The Social Security Puzzle


For all that we complain about it, social security continues to be one of the single most important tools for a successful retirement in the United States. To make it work well for you, there are some basics you need to understand: First, don't get confused about the difference between the social security retirement program and social security disability (SSDI), an income assistance program available to people of non-retirement age. A lot of the internet "information" and advice out there pertains to SSDI but won't do you a bit of good when it comes to retirement benefit questions.

Now that we have that straight, let's see how the social security retirement program works. Congress passed the Social Security Act of 1935 to address some of the horrible poverty and suffering we saw throughout the country during the Great Depression. The part of the act that provided monthly retirement benefits took a few more years to get started and then expanded in the 1950's and the 1960's. Medicare, the health care insurance program, was added in 1965.

In one sense, social security looks like a  savings program—you put in a little bit from every payroll check over the course of your working life, and when you retire, you have money to start taking out. But social security is actually more like an insurance policy. The money you put in is going to a shared "pot." Some people will put in more than they take out in the end; others will collect more than they put in. Even though your benefits are based on your social security payment history, the trick to making out well or poorly is in when you take the money and how long you and your dependents live after that (check your estimated benefit here).

The difference between 65 and 70

Overwhelmingly, financial advisors recommend that clients wait until 70 to take their social security benefits. Why? We are assuming that you will live quite a bit past the age of 65, and we'd rather you get a larger payment every month for the rest of your life than start early with a low monthly amount. Those of you who start at 62 (the earliest age) will be penalized by permanently lower payments for the rest of your life—up to 30% less every month.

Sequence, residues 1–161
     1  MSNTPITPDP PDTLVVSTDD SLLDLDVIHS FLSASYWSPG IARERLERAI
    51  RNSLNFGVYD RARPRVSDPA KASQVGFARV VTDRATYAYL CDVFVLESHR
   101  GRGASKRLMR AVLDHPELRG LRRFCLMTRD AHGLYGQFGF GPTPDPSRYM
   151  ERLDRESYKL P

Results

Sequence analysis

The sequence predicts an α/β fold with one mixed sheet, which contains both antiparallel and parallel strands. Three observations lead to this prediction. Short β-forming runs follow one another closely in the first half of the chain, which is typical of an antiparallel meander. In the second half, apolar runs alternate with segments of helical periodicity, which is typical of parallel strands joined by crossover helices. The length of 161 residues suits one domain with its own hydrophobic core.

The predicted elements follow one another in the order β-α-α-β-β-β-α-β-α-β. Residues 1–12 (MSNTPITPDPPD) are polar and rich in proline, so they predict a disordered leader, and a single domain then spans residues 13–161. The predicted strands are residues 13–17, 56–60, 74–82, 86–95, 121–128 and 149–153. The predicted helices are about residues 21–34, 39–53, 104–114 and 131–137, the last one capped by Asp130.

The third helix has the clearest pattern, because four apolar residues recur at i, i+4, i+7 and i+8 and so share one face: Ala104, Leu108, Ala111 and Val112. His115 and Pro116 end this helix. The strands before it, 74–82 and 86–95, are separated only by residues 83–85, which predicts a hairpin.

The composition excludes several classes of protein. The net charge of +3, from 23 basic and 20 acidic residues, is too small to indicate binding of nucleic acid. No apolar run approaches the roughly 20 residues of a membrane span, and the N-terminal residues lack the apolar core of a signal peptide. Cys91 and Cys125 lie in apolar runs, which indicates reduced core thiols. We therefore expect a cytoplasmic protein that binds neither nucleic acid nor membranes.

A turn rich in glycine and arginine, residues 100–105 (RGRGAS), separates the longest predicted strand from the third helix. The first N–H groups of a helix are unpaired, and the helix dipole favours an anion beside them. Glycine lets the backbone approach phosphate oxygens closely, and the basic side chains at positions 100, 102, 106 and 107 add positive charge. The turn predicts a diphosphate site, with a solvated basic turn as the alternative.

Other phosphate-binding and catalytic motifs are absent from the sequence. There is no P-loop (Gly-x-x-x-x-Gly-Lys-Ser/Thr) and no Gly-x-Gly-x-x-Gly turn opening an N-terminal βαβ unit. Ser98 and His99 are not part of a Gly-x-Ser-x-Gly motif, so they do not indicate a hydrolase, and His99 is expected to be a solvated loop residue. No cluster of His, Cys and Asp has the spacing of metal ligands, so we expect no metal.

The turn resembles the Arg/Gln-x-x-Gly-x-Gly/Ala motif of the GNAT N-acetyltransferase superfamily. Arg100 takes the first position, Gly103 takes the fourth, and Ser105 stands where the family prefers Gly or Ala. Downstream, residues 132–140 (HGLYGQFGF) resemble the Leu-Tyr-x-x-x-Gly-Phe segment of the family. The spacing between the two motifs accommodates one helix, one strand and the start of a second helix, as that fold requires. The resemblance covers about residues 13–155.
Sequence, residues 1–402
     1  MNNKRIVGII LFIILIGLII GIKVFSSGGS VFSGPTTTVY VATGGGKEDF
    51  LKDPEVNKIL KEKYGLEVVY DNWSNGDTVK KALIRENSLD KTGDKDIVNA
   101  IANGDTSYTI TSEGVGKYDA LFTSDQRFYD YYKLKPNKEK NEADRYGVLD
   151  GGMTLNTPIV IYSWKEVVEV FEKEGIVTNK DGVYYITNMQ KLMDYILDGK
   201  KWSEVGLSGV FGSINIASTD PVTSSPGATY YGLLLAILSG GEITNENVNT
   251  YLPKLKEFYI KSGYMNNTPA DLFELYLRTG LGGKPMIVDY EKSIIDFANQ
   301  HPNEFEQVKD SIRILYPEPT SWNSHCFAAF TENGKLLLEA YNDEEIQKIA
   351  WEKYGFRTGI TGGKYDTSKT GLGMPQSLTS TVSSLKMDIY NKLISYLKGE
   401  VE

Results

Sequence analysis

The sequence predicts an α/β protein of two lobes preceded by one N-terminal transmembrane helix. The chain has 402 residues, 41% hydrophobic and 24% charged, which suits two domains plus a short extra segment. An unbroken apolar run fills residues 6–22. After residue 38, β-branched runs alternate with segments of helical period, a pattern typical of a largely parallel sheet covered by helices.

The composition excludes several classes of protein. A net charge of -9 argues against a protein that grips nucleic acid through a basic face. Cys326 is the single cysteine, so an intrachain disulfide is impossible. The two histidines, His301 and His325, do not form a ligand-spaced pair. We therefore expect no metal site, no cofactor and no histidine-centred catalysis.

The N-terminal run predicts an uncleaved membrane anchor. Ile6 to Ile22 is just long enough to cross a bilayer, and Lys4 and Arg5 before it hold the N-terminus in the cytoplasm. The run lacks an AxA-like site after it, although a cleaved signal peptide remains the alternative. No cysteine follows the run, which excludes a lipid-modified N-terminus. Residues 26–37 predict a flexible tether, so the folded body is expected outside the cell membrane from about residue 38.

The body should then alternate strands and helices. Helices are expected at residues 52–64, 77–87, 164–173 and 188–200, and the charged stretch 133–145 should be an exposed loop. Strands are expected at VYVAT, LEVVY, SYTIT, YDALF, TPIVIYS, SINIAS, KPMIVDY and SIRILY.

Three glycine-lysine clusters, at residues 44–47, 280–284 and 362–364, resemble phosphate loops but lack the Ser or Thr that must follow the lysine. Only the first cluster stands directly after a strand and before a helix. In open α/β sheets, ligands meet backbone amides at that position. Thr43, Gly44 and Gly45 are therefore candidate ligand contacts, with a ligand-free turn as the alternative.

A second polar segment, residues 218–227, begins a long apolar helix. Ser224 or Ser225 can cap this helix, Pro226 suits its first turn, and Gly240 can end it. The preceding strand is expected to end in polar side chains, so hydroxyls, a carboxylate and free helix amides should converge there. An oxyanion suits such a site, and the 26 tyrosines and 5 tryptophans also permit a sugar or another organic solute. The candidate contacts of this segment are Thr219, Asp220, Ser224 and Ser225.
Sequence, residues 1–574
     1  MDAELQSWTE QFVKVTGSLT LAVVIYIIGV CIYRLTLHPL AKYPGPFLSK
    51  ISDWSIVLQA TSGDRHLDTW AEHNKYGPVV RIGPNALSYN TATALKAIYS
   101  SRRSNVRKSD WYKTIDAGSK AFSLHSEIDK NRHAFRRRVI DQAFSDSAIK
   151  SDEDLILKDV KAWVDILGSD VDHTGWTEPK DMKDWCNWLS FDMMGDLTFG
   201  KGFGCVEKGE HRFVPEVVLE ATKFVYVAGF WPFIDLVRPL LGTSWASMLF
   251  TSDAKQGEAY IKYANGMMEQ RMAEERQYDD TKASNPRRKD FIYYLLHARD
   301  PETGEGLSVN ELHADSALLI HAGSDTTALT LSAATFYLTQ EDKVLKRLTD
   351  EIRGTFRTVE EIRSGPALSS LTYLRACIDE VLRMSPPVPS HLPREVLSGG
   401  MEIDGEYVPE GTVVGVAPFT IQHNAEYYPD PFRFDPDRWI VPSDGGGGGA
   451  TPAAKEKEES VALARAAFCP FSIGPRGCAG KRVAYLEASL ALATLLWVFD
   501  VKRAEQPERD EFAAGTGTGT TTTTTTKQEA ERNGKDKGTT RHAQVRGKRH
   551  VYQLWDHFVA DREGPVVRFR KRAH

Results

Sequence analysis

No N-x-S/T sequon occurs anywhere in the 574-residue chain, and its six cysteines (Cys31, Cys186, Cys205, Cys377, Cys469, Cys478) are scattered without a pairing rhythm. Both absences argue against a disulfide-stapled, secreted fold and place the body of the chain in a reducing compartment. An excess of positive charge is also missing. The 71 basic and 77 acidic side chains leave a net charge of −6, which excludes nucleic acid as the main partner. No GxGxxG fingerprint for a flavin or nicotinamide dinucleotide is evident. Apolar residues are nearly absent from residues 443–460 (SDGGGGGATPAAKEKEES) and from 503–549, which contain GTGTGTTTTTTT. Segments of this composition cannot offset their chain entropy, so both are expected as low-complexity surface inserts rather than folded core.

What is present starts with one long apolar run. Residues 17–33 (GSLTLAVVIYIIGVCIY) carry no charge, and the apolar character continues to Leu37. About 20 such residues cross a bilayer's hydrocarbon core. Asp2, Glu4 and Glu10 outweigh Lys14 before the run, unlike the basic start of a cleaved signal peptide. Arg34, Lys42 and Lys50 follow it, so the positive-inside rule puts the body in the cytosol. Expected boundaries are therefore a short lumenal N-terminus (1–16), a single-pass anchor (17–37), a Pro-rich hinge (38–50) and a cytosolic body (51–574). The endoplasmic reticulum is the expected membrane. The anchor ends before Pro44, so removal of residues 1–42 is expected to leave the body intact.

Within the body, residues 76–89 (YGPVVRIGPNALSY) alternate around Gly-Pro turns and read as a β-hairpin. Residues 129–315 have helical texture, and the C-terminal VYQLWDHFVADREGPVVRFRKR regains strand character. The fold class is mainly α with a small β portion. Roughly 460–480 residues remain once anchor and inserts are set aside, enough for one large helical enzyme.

Things look better if you wait until "full" retirement age at 65, but the Social Security Department has added in some extra incentives to get you to wait a little longer. If you were born after 1943, the Social Security Program will add an extra 8% to your benefit for every year after age 65 that you delay retirement. This continues until you hit age 70, when you've maximized what you can get.

(*Note: even if you are going to delay you social security benefits, you need to apply online for Medicare within the 3 months before you turn 65 or face the possibility of higher premiums and delays when you need it later!)

Clever tricks

There are more than a few tricks to getting the most out of social security. Here are a few that get used a lot:

  • Your spouse and dependent children (and even a former spouse) can receive benefits (and Medicare) based on your social security history. This means that you are not just analyzing how much you receive when deciding when to take benefits—you need to add in the financial effect of getting payments for your spouse and dependents. For a look at how much a spouse or dependent child can receive at different ages, check the Social Security Spousal Benefits Page.
  • But... you can also claim your benefit at full retirement, start benefits for your spouse or dependent child, and then suspend your own benefits until you reach a later retirement age. Confusing, right? A fair number of people use this trick to start benefits to a member of the household while still delaying their own benefits (to get those nice increases I mentioned above). In effect, this means your spouse/child gets the benefits from your social security now while you are still in line to get the increased amounts after age 70.